Sewage Treatment Plant Multi-phased Project Begins

January 1993

BNL's Sewage Treatment Plant (STP) was built in stages by the U.S. Army. Some sewer lines were installed as early as 1917. The old lines were repaired and upgraded by the Army in 1942. The STP was first upgraded by BNL in 1967.

BNL investigated the sewer lines and discovered they were leaking during a video camera survey conducted in 1987. In 1992, a multi-phased project was announced that called for upgrades to the sanitary sewer system over the next 10 years to improve treatment capability and prevent unmonitored discharges to the environment.

Under Phase I, the treatment plant was to be upgraded from a primary system to a tertiary system. In addition, 3,500 linear feet of the main trunk line to the plant is to be replaced. Phase II of the project calls for upgrading 14,000 feet of sewer lines, mainly in the core of the site. Under Phase III, another 18,000 linear feet of sewer lines will be replaced or lined and RHIC will be connected to the sanitary system. Phase II and III enhancements to the STP include untraviolet disinfection to replace chlorination and replacement of the anaerobic digester with an aerobic digester.

Upgrades began with replacement of the old sewer pipes leading to the STP in January 1993. The old lines were capped and left in place. In 1995, sludge was collected from 10 manholes along the retired and capped lines and analyzed for radionuclides. The sludge was removed. The old World War II-era Imhoff tanks used to process solid waste were removed, treated, and disposed of off site. The remaining concrete structure was demolished, backfilled with clean soil, and capped with concrete. In 1997, the plant was upgraded to tertiary treatment and effluent disinfection was changed from chlorine to ultraviolet light.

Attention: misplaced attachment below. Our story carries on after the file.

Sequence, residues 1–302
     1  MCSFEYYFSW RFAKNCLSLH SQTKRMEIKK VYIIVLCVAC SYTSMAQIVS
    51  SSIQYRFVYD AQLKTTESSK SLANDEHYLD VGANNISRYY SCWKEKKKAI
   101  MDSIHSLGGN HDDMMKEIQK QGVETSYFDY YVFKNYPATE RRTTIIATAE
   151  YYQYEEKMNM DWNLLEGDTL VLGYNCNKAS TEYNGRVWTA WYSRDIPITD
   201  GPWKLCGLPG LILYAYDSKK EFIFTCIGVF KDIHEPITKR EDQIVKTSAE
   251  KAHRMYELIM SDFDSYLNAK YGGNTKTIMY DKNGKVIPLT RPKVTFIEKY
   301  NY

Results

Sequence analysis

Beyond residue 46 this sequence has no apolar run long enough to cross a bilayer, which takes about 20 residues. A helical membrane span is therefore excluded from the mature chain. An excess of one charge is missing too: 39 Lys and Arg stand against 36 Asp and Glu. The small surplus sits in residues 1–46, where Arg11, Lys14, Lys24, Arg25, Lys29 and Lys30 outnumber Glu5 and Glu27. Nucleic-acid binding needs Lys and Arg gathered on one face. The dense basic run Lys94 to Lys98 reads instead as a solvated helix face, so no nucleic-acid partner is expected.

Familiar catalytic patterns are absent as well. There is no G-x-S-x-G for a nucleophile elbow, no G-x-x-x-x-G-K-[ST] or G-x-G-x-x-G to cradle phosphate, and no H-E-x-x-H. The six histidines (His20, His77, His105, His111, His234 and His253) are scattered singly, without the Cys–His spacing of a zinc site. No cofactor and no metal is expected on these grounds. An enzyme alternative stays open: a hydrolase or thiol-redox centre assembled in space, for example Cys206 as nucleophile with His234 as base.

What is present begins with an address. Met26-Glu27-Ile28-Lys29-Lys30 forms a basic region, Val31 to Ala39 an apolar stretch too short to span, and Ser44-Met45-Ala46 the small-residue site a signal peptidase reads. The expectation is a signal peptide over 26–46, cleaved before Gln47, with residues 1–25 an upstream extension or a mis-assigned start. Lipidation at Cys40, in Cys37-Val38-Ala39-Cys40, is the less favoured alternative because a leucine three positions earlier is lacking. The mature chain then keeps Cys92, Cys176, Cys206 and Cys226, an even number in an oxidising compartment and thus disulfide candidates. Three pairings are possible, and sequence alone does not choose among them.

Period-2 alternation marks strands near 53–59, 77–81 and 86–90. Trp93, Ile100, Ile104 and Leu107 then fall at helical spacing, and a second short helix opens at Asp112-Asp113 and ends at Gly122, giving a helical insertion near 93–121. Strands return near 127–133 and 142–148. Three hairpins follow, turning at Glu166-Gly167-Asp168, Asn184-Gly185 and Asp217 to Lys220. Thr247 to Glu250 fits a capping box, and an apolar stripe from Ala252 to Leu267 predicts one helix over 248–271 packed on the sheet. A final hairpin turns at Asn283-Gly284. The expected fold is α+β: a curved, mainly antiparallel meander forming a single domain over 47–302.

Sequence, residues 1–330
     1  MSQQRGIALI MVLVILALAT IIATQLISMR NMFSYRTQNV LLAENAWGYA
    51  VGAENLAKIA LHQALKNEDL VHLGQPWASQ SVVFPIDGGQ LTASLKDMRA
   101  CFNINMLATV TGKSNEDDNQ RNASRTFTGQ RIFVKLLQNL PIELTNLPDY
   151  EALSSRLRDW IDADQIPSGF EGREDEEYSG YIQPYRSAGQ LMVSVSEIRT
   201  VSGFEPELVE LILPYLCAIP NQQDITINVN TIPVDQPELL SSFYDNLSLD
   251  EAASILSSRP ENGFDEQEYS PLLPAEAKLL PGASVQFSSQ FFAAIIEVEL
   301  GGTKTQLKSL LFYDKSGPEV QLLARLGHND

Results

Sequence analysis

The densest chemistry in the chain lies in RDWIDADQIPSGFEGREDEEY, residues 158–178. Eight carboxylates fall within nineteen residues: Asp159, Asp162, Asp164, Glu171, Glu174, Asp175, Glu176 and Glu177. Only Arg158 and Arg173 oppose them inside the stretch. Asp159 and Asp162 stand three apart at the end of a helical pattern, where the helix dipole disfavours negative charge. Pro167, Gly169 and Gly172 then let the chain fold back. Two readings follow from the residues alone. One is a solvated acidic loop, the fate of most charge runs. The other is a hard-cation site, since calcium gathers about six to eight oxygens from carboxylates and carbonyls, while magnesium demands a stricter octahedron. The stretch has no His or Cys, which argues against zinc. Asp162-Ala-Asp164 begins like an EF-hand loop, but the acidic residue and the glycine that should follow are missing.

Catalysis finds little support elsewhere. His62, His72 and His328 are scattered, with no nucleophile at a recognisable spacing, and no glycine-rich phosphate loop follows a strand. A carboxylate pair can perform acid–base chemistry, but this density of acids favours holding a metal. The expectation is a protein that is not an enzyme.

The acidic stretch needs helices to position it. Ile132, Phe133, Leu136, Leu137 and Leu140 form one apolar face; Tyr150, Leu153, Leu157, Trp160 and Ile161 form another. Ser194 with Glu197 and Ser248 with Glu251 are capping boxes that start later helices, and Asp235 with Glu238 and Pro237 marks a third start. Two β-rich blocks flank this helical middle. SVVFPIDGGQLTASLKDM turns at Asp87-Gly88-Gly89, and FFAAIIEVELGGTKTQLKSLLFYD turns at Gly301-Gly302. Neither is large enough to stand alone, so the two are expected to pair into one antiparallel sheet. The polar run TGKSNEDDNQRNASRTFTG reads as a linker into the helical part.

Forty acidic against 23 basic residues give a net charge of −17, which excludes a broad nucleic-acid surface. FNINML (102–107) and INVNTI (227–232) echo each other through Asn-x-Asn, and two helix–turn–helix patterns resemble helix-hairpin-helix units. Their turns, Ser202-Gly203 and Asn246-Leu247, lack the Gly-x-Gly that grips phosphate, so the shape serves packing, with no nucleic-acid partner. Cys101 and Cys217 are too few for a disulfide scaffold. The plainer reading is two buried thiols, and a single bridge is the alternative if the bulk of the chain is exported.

The 10-year plan was completed after BNL removed soils containing mercury and cesium-137 from the sand filter beds in 2002 and 2003. The former sludge drying beds, sand filter berms, and sewer lines were also remediated to remove low-levels of these contaminants.

In 2009, BNL began the process of renewing its New York State Pollutant Discharge Elimination System permit. New release standards to continue discharge to the Peconic River must be met for several metals. BNL is considering its options for meeting the more stringent standards.